For a quarter-century, it appeared the law was settled: Silicon Valley’s internet platforms were private companies, full stop, with absolute control over what content to promote or suppress. As the platforms tightened political control over user speech in recent years, conservatives complained about “Big Tech Censorship,” but legal experts scoffed.
The First Amendment battle that could transform Big Tech
Scoffing will no longer suffice. Supposedly settled law can be altered when its political foundation erodes. Liberals now take a dimmer view of free speech than they did at the dawn of the tech era, while conservatives take a dimmer view of corporate power. That has created an opening for a frontal assault on the rules that govern America’s digital public square. Now the Supreme Court is being asked to weigh in.
A bold ruling from the U.S. Court of Appeals for the 5th Circuit last week, written by Judge Andrew Oldham, is the latest sign that the conservative campaign to resist Silicon Valley’s political controls might have legal and constitutional legs. His opinion declared that some technology firms fit into the Anglo-American tradition of “common carriers,” like phone companies and the telegraph, whose right to exclude people and ideas may be regulated by the government.
The case was prompted by a 2021 Texas law forbidding companies such as Facebook, Twitter and YouTube from censoring a user based on “the viewpoint represented in the user’s expression,” with limited exceptions. The corporations, through the trade group NetChoice, challenged the law by arguing that their right to curate content, including blocking political viewpoints, is protected speech under the First Amendment.
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That argument had easily prevailed in the lower courts and in another appellate court reviewing a comparable Florida law, but the 5th Circuit panel disagreed by a 2-1 vote. It didn’t say the Texas law will be constitutional in every application, but it lifted an injunction to allow the law to go into effect.
As the concurrence put it: “Case by case adjudication is a small burden on the Goliaths of internet communications if they contend with Davids who use their platforms.” David might not always win, in other words, but he should at least be allowed to take a censorious Goliath to court.
Can an organization exclude speakers it disapproves of? The Supreme Court’s precedents mostly say yes. Miami Herald v. Tornillo (1974) said Florida couldn’t require newspapers to give politicians space to publish replies to criticism, and Hurley v. GLIB (1995) said Massachusetts couldn’t tell parade organizers which groups to include. Lawyers for the social media firms argued that their clients were like newspapers or, failing that, parade organizers whose expression Texas wants to control.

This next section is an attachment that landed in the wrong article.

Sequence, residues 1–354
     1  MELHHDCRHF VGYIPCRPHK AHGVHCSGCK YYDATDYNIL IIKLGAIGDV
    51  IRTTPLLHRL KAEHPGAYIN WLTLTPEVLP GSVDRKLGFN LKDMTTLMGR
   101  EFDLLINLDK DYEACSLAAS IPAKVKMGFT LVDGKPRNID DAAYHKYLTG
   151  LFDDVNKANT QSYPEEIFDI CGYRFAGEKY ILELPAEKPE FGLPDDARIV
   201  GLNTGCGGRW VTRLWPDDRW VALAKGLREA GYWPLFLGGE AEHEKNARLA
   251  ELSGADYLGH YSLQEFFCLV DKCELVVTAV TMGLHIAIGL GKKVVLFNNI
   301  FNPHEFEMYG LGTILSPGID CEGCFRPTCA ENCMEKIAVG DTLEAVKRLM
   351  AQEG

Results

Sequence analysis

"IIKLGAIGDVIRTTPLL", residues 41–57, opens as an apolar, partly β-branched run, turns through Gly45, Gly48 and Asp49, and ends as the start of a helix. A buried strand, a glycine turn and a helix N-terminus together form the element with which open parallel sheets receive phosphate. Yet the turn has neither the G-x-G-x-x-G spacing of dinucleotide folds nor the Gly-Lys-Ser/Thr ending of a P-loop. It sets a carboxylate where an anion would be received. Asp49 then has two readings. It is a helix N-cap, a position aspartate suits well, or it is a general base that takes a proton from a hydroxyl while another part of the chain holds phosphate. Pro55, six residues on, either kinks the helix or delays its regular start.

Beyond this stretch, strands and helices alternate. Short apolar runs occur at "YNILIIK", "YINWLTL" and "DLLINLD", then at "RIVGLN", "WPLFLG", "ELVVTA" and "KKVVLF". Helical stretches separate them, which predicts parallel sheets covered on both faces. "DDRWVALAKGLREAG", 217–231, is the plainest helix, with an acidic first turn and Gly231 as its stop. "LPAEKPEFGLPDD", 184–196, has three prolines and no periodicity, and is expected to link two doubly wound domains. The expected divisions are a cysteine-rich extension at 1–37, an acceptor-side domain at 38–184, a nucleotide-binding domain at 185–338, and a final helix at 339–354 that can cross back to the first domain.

But neither is a particularly good analogy, and some high court precedents say that hosting speech is not the same as speaking. PruneYard Shopping Center v. Robins (1980) said California could require a privately owned mall to allow access to pamphleteers, and Rumsfeld v. FAIR (2006) said Congress could penalize law schools for refusing to host military recruiters.
The panel zeroed in on those cases, which supported Texas’s position. But Oldham also reached back further than modern free-speech doctrine to argue that certain technologies throughout history — “from ferries and bakeries, to barges and gristmills, to steamboats and stagecoaches, to railroads and grain elevators, to water and gas lines, to telegraph and telephone lines, to social media platforms” — have been so central to public life and commerce that access can’t be arbitrarily denied by private parties.
The decision isn’t the last word on this issue, and it might be brushed back by the Supreme Court. But as Alan Z. Rozenshtein of the University of Minnesota’s law school notes, the opinion also “offers a compelling model for what the Supreme Court could decide to do.”
While we wait, expect political alignments to be scrambled. Since 2010, progressives have been blasting the Supreme Court’s conclusion in Citizens United that corporations have a right to free speech. Now that the issue is not campaign finance but the right of politically aligned social-media companies to censor, progressives may find a new appreciation for corporate autonomy.
Divisions will similarly be exposed on the right, where populist sentiment might collide with the desire to protect property rights. On that note, Justice Brett M. Kavanaugh, who as a lower-court judge wrote a dissent skeptical of common-carrier regulation, might be more difficult to convince than some of his colleagues.
But the biggest mistake would be for the justices to resolve the issue too quickly and conclusively, closing the door to experimentation. The legal-technology establishment — including academics, nonprofit groups and the companies themselves — has claimed for years that internet services will immediately become unusable cesspools if their ability to censor is restricted one iota. Meanwhile, the companies’ moderation has become steadily more political and polarizing.
The old speech and technology order is coming apart — but forcing an entire industry into the common-carrier regime in one fell swoop would be a plunge into the economic and legal unknown. By allowing Texas’s legislation to be tested, the 5th Circuit wisely left the door open to trial and error. As with abortion, it might not be possible to know what solutions are viable until politicians have had a chance to legislate — and are held accountable for the results.